A very successful sales professional I know once told me that nothing happens until a sale is made. Until a book is sold the book stores cannot afford employees, the printing companies cannot print anything, writers do not need to write, paper mills are quiet, trucking companies sit idle, and loggers aren’t needed to harvest any trees. It all starts with the sale.
The oldest profession in the world really is sales. Someone had to sell Eve on the idea of trying that apple! Whether you sell products and services, your ideas, or your self, proven skills and techniques are needed to heighten your opportunity for success. Although there are many facets to the entire sales process closing is often the focal point of those trying to improve, sell more, and make more money.
Closing is not simply a magical moment during the sales process where the sale is made. Closing is something that is constantly in play. Closing starts before you make your initial contact and continues long after the first sale is made. You are always closing. The very best sales professionals know that they must always be aware of their client’s needs, momentum in the sales process, and closing opportunities. You must be prepared to close at any moment, because clients react differently and must be closed when they provide the opportunity and want to close.
I’ve seen far more sales people then I would like to recall get so wrapped in their sales presentation that they went right past a closing opportunity only to eventually lose the sale. It’s not about your needs; it’s about the clients!
So what is closing? I define closing the sale as the transition from discussing client needs and possible solutions that you can offer to actually beginning the process of implementing one of your solutions. Your solution may be in the form of a product, or it may be in the form of a service. Being able to get a client to move on your suggestion is what closing is all about.
Many people look for a specific phrase from their client in order to move forward. Many clients will never say, “I will buy that,” or “Please send me two cases,” or “Here’s a check to cover the cost.” They depend on you to read between the lines, to see their nonverbal cues, and to take initiative to move through this “transition” stage and begin delivering the benefits they will receive when you provide your product or service.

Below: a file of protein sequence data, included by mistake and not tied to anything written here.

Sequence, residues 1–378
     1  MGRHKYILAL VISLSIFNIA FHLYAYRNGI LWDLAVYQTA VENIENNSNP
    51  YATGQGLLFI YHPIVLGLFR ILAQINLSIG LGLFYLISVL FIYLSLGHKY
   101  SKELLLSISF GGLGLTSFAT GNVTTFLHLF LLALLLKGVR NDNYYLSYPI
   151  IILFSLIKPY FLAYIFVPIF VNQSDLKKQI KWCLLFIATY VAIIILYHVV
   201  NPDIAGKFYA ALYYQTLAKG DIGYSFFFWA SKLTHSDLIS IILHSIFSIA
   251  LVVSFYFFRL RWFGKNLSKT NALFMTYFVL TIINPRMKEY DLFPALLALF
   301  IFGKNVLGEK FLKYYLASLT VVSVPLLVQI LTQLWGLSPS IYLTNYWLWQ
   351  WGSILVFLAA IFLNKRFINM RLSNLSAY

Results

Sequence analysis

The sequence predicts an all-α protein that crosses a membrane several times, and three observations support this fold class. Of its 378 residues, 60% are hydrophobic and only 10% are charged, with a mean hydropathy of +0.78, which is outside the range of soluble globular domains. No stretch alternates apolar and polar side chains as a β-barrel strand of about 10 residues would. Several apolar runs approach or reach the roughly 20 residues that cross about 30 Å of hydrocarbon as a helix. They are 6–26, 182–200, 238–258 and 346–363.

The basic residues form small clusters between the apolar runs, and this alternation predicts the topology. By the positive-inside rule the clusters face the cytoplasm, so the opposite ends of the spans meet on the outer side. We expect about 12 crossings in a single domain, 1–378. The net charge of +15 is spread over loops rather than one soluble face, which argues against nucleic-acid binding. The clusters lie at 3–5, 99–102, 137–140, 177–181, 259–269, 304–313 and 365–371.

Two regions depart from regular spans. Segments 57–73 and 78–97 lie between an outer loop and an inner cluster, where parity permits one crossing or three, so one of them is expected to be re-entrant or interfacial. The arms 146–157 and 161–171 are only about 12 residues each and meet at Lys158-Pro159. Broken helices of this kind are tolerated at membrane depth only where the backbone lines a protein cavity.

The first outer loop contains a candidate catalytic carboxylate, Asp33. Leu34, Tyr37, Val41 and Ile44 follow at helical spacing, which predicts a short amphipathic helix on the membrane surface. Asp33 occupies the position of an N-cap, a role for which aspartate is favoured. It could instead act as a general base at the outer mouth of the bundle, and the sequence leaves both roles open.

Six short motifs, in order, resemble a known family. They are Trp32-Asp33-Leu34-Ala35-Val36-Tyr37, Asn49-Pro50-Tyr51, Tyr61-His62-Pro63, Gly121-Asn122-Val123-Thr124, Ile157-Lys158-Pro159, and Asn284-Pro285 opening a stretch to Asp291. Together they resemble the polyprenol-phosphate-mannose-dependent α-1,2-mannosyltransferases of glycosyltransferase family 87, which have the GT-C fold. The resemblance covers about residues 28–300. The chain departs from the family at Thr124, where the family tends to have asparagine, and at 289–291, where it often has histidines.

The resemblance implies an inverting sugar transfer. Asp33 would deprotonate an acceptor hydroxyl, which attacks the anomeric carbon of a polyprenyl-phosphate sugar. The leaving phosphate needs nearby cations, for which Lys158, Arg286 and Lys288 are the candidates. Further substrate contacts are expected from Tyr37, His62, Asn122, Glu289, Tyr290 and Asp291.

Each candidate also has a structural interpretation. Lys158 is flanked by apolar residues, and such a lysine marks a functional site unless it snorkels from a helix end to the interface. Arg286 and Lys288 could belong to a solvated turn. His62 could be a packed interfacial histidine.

You will need to be confident enough to help the closing “transition” take place. At some point you may say, “Based on the facts you’ve shared with me and the benefits of our XV1000 it looks like we can take complete care of your needs, what is a good time table for delivery?” Here you are assuming the close.
The best way to go into a relationship is to assume that you will be able to solve a client’s problems or needs. Your language is positive and you assume the sale right from the start. The client knows you’re there to solve their needs, and you don’t let them down. You are there to sell, and they are there to buy. They just need your help.
Another way to approach closing is with what I call “The Perfect Close.” Here’s how it goes. At some point during your conversation you simply say, “If this were a perfect world, what would be the best possible solution to your insurance needs (you can insert any product or service area here)?” Let your client speak and don’t interrupt them! They will tell you just what they want and need. Now all you have to do is give it to them. If you can use this information to share your solution to fit, you have a sale. After showing how your solution fits their needs and desires, use the power of the assumptive close discussed above to now move forward. You have just closed the sale!
Closing is an art. It is developed over time. Closing is focusing more on the client, their needs, desires, words, and body language then on you and all of the benefits of your products and services. Most sales professionals are too enamored with what they offer and their company and don’t focus enough on their client. Most clients want to close earlier and you should not deny them that opportunity.
Focus on your client, assume the sale, find out what their “perfect solution” is, and you will be on the road to Building a Better Biz!